For example (illustrative only): A lot of electricity is wasted due to over-filling of electric kettles – a trial might compare prototypes ranging from the ‘soft’ constraint of a kettle with clearer visual/audio indications of fill level (prominent ‘x cups of water’ display) or financial implications of the energy use (‘Boiling this amount of water will cost you x pence’), through a kettle with a requirement to pre-select the water fill-level before filling (hence forcing the user to think about what he or she is doing), to a more extreme constraint of a kettle which will only boil one cup of water at a time – rapidly, but ensuring there can be no over-filling. Analysing the results of user trials of a range of prototypes such as these, and comparing with the energy usage of a conventional kettle, would allow actual energy savings to be quantified, and the limits of efficacy due to human factors (e.g. user frustration or misunderstanding) to be established. (The kettle examples described here are simplistic but this is the sort of approach intended.)

Another aim is to develop a ‘toolkit’ of tested design approaches, with relative efficacies and pertinent issues specified, to be of use to designers and engineers looking to create more environmentally friendly products. The outcome here would be an accessible publication (a short book, eBook and/or presentation, separate from the thesis) illustrating and detailing the techniques, made available to companies and students. It is hoped that government eco-design initiatives may also be interested in the practical implications of the work.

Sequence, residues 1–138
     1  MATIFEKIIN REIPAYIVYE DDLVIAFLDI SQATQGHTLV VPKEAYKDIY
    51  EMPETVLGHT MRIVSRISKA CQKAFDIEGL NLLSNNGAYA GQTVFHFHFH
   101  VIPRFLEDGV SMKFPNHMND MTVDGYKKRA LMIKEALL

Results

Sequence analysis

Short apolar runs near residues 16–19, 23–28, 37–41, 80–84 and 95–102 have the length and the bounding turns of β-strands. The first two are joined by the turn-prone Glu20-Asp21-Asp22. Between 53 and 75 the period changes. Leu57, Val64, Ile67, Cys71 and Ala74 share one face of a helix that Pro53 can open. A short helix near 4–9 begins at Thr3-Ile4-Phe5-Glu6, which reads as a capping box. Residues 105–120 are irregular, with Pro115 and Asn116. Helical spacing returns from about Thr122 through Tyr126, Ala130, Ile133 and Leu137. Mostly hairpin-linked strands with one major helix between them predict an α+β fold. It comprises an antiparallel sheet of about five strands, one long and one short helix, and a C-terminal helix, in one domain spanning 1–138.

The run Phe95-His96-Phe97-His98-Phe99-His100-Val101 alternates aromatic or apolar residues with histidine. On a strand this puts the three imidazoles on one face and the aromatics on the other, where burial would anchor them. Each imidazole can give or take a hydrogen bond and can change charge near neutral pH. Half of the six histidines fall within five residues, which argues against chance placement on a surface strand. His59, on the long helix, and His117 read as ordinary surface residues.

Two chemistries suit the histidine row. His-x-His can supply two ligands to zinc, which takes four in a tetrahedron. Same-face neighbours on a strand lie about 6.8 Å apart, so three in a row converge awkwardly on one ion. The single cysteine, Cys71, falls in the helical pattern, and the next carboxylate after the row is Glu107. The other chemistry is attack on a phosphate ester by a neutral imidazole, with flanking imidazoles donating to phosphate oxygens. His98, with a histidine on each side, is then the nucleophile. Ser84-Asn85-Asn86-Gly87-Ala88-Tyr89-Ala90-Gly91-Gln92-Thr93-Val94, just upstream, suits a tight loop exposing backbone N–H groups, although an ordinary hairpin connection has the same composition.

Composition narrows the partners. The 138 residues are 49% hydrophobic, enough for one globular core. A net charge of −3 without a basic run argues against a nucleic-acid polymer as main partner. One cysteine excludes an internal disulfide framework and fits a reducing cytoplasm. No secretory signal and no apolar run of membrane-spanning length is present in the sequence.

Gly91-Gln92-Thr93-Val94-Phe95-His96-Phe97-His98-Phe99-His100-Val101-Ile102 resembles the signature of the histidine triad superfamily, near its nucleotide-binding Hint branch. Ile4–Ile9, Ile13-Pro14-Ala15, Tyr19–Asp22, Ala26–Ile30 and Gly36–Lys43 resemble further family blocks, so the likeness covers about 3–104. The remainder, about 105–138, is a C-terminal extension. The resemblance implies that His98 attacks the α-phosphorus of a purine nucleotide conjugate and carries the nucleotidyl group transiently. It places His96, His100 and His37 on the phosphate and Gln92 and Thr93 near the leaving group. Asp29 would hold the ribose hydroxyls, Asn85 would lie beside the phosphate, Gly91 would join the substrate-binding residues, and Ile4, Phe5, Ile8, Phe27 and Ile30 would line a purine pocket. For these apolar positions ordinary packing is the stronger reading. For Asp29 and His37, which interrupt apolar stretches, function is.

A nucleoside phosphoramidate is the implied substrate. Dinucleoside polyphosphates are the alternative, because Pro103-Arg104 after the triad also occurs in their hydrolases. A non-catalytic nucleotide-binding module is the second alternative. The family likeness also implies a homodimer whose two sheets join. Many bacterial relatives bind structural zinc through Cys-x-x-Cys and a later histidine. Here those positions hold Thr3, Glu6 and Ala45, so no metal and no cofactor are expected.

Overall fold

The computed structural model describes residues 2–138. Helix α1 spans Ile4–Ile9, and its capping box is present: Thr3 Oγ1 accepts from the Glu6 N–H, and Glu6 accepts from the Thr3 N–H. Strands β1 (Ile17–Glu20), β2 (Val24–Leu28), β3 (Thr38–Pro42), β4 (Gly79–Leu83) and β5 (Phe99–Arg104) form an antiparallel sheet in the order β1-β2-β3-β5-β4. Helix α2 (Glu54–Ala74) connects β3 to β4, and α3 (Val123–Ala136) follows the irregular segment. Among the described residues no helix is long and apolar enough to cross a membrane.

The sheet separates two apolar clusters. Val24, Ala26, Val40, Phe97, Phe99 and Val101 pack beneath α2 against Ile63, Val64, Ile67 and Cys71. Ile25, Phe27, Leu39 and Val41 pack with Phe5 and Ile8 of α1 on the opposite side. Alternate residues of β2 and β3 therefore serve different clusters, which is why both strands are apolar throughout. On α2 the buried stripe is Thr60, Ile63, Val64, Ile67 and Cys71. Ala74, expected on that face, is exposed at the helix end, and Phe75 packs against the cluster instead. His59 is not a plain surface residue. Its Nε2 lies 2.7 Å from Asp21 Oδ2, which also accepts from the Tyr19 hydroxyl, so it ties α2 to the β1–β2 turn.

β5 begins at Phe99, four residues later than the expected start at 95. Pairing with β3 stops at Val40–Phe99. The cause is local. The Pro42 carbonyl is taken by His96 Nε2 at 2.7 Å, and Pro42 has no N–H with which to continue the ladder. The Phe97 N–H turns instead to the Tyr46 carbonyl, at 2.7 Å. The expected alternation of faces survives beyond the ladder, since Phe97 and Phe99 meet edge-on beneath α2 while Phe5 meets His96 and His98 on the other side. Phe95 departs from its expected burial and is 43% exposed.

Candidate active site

The author studied Industrial Design Engineering at Brunel from 2000-4, and did a (taught) Cambridge-MIT Institute Master’s in Technology Policy from 2004-5. He has since worked in freelance design engineering and product design for a number of clients including, currently, Sir Clive Sinclair. His Master’s dissertation (and ongoing independent research in this area) investigated ‘architectures of control’: intentionally controlling user behaviour, mainly for political and commercial reasons, in a variety of fields, especially the built environment and digital rights. This forms a useful background to the proposed study.